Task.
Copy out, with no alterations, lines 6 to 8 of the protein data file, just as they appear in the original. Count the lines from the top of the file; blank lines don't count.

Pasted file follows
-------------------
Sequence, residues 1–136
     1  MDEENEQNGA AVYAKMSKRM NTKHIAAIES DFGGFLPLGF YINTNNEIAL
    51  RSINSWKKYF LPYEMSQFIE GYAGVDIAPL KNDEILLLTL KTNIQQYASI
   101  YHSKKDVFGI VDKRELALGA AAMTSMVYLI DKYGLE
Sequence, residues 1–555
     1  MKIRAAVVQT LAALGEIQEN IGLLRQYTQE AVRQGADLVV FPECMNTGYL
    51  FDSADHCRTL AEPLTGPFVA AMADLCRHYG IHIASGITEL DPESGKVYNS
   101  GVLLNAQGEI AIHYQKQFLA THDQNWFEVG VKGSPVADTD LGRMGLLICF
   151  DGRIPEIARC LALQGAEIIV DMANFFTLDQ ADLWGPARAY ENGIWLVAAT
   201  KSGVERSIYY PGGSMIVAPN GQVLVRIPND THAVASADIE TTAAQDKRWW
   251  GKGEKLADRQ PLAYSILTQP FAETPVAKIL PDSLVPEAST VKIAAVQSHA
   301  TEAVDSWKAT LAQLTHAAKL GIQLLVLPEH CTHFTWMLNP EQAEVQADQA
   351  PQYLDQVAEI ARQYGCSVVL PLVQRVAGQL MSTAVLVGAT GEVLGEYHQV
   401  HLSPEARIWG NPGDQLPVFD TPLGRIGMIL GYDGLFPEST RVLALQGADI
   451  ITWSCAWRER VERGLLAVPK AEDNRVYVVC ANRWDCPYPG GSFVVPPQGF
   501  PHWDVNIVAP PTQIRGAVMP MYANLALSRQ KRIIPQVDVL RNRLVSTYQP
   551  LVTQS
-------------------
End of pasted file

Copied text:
     1  MKIRAAVVQT LAALGEIQEN IGLLRQYTQE AVRQGADLVV FPECMNTGYL
    51  FDSADHCRTL AEPLTGPFVA AMADLCRHYG IHIASGITEL DPESGKVYNS
   101  GVLLNAQGEI AIHYQKQFLA THDQNWFEVG VKGSPVADTD LGRMGLLICF